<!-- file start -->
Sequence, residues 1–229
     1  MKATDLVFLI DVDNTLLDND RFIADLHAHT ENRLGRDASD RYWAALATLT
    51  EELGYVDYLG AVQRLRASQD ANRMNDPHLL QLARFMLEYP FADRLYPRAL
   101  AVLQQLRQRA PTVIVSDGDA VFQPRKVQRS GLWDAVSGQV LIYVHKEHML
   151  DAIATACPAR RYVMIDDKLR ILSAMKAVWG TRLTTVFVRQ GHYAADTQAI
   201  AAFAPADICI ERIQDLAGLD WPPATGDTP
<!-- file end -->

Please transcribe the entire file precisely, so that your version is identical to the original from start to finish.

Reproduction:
Sequence, residues 1–229
     1  MKATDLVFLI DVDNTLLDND RFIADLHAHT ENRLGRDASD RYWAALATLT
    51  EELGYVDYLG AVQRLRASQD ANRMNDPHLL QLARFMLEYP FADRLYPRAL
   101  AVLQQLRQRA PTVIVSDGDA VFQPRKVQRS GLWDAVSGQV LIYVHKEHML
   151  DAIATACPAR RYVMIDDKLR ILSAMKAVWG TRLTTVFVRQ GHYAADTQAI
   201  AAFAPADICI ERIQDLAGLD WPPATGDTP